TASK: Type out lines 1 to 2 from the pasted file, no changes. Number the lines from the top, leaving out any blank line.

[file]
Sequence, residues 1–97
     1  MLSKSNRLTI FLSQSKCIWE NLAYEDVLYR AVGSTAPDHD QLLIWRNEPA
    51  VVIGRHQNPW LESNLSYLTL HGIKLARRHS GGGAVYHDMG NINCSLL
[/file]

Sequence, residues 1–97
     1  MLSKSNRLTI FLSQSKCIWE NLAYEDVLYR AVGSTAPDHD QLLIWRNEPA